British Columbia

Climate change in B.C.: Here's how 2050 could look

More rain, longer heat waves and rising tides likely even if emissions are cut in half

June 11, 2017

The risk of wildfires in the Okanagan will increase if average annual temperatures rise 2.5 C by 2050. (Jonathan Hayward/Canadian Press)

Climate change has been blamed for raging forest fires, devastating floods and shrinking glaciers, but scientists have determined the effects will look different in various regions of B.C. 

Their severity depends on how successful humans are in reducing greenhouse gas emissions. 


Under a middle-of-the-road scenario that assumes that in the future greenhouse gas emissions are halved, the average annual temperature in B.C. would increase by 2.5 C by 2050, according to the Pacific Climate Impacts Consortium.

This is more than the 2 C of warming climate scientists say represents a crucial tipping point — a scenario that forms the basis of the Paris climate agreement, which aims to limit global warming to less than 2 C above pre-industrial levels and closer to 1.5 C of warming.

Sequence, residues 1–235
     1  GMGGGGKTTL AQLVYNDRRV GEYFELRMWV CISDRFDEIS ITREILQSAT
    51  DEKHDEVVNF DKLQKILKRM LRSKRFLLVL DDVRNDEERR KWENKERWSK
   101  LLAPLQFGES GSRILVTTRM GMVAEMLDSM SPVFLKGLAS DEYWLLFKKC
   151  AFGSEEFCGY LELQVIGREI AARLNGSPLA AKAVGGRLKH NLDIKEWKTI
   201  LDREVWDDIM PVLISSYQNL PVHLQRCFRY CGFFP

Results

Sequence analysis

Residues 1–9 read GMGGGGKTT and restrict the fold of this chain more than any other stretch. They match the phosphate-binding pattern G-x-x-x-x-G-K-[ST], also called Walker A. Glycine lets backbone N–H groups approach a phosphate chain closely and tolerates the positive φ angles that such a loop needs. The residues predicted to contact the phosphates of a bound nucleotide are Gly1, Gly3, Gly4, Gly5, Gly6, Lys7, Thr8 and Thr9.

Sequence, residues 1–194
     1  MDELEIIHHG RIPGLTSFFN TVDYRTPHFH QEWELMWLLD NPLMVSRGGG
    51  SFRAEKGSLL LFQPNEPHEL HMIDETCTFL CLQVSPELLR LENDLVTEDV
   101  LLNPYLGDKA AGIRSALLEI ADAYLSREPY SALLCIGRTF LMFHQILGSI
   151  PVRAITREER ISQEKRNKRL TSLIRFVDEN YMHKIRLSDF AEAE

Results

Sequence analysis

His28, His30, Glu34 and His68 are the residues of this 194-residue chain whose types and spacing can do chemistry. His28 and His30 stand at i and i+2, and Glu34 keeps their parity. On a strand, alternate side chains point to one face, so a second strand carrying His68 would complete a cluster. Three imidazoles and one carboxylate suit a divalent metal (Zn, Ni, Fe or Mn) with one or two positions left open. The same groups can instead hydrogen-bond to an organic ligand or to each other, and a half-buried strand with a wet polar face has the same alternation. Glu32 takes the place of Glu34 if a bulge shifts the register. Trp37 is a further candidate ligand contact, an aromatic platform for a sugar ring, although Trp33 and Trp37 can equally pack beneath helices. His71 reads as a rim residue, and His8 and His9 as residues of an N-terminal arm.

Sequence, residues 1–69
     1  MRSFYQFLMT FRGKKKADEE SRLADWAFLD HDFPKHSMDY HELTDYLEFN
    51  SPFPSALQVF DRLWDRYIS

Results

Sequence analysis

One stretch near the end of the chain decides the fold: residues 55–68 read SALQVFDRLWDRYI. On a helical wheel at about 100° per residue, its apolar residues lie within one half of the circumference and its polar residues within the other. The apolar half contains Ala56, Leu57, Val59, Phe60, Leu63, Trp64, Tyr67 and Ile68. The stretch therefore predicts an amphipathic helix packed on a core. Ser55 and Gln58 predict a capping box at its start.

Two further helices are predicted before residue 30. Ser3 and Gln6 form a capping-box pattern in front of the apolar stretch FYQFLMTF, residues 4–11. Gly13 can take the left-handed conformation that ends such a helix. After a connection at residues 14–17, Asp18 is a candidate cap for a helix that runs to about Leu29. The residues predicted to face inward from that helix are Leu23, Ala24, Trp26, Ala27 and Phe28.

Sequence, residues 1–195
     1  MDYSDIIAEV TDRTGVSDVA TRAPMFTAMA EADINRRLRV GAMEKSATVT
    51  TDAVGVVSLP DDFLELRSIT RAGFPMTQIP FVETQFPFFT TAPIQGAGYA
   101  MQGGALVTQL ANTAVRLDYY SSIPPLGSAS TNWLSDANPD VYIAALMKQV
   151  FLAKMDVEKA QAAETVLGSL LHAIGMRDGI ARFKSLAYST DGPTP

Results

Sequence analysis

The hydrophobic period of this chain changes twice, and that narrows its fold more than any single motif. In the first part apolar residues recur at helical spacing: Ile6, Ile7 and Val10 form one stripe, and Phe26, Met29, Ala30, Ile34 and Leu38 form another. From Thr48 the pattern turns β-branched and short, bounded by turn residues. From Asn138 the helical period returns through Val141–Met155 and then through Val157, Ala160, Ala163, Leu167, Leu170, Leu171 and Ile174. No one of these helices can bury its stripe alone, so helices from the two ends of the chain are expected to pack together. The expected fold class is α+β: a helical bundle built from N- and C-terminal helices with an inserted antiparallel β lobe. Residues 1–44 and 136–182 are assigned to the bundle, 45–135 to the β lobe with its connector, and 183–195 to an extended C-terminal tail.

In the Interior and the North, there would be even more variability, according to Trevor Murdock of the Pacific Climate Impacts Consortium, which is run out of the University of Victoria.

Here is a summary of what this could mean for B.C. and Metro Vancouver.

Local experts in the field say it would look something like this:

Click to show more
CBC’s Johanna Wagstaffe explains how climate change will transform the province by 2050.  3:28

Other impacts could include a growing season in the Lower Mainland expanded by more than two months and a 30-per-cent drop in frost days in the Okanagan, meaning the winters won't be cold enough to keep pests away. 

In the Interior, the fire season could increase anywhere from 30 to 50 days.

With files from Johanna Wagstaffe and Polly Leger.


Tara Carman
Data Journalist

Tara Carman is an investigative journalist who specializes in finding the stories buried in big data. She has more than a decade of experience reporting in B.C., across Canada and overseas. She joined CBC News in February 2017. You can reach her at or on Twitter @tarajcarman.

CBC's Journalistic Standards and Practices
Report Typo or Error